Establish a break from the school day, typically before lunch, that involves planned, inclusive, actively supervised games or activities; also called semi-structured, or structured recess
Policies & Programs
Policies and programs that can improve health
filtered by "Scientifically Supported" and "Diet and Exercise"
Offer group educational, social, or physical activities that promote social interactions, regular attendance, and community involvement among older adults
Provide education, information, counseling, and support for breastfeeding to women throughout pre- and post-natal care
Offer exercise classes (e.g., yoga, Tai Chi, cycling, etc.) and fitness program support in community centers, senior centers, fitness, and community wellness centers
Build, strengthen, and maintain social networks that provide supportive relationships for behavior change through walking groups or other community-based interventions
Assign higher costs to non-nutritious foods than nutritious foods via incentives, subsidies, or price discounts for healthy foods and beverages or disincentives or price increases for unhealthy choices
Enhance streetscapes with greater sidewalk coverage and walkway connectivity, street crossing safety features, traffic calming measures, and other design elements
Provide patients with prescriptions for exercise plans, often accompanied by progress checks at office visits, counseling, activity logs, and exercise testing
Offer low-income participants matching funds to purchase healthy foods, especially fresh fruits and vegetables; often called bonus dollars, market bucks, produce coupons, or nutrition incentives
Teach behavioral skills that can help individuals incorporate physical activity into their daily routines
Support a combination of land uses (e.g., residential, commercial, recreational) in development initiatives, often through zoning regulations or Smart Growth initiatives
Combine educational, environmental, and behavioral activities that increase physical activity and improve nutrition (e.g., nutrition education, aerobic/strength training, dietary prescriptions, etc.) in various settings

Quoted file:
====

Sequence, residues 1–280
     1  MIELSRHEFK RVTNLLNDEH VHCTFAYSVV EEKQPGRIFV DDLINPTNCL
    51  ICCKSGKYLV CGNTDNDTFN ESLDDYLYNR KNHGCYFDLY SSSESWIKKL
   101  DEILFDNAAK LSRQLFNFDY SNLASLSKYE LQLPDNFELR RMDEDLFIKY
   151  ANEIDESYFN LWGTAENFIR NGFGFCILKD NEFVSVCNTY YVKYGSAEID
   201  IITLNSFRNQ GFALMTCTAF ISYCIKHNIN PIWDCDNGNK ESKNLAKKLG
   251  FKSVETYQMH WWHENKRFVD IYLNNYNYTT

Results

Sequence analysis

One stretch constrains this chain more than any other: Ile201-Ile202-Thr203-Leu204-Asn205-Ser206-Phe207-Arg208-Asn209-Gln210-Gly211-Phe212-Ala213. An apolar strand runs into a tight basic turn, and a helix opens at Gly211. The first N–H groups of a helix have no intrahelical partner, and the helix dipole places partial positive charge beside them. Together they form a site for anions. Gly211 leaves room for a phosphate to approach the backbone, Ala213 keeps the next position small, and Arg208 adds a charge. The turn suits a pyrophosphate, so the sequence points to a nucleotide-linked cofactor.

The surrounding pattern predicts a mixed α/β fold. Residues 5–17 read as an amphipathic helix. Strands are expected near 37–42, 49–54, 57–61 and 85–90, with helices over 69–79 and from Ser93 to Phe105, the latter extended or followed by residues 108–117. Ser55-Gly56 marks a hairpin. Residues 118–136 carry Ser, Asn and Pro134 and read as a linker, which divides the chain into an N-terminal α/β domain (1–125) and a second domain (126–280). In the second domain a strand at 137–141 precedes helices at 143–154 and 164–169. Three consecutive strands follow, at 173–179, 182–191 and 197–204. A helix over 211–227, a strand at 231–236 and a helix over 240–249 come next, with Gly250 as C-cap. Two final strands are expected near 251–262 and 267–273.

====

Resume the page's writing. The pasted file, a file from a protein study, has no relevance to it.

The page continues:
Deliver educational, behavioral, environmental, and other obesity prevention efforts (e.g., education classes, enhanced physical education, healthy food promotion, family outreach, etc.) in schools
Offer young children opportunities to eat healthy foods and engage in physical activity by providing fresh fruits and vegetables, incorporating physical activity into daily classroom routines, etc.
Incorporate physical activity breaks, classroom energizers, or moving activities into academic lessons, usually for elementary students
Modify local environments to support physical activity, increase access to new or existing facilities for physical activity, or build new facilities
Place motivational signs on or near stairwells, elevators, and escalators that encourage individuals to use stairs
Promote walking and biking to school through education, incentives, and environmental changes; often called SRTS
Support programs to provide students with a nutritious breakfast in the cafeteria, from grab and go carts in hallways, or in classrooms
Establish designated areas where students can garden with guidance, often with nutrition and food preparation lessons and opportunities for taste tasting and hands-on learning
Regulate the quality of food that can be sold to students via the National School Lunch Program, à la carte options, vending machines, etc.
Expand or enhance school-based physical education (PE) by lengthening existing classes, increasing physical activity during class, adding new PE classes, etc.
Encourage children to spend time away from TV and other stationary screen media, often as part of a multi-faceted effort to increase physical activity and improve nutrition
Arrange active transportation with a fixed route, designated stops, and pick up times when children can walk to school with adult chaperones
Use educational, environmental, and behavioral strategies to improve food choices and physical activity opportunities in worksite settings, also called workplace health programs
Use zoning regulations to address aesthetics and safety of the physical environment, street continuity and connectivity, residential density and proximity to businesses, schools, and recreation, etc.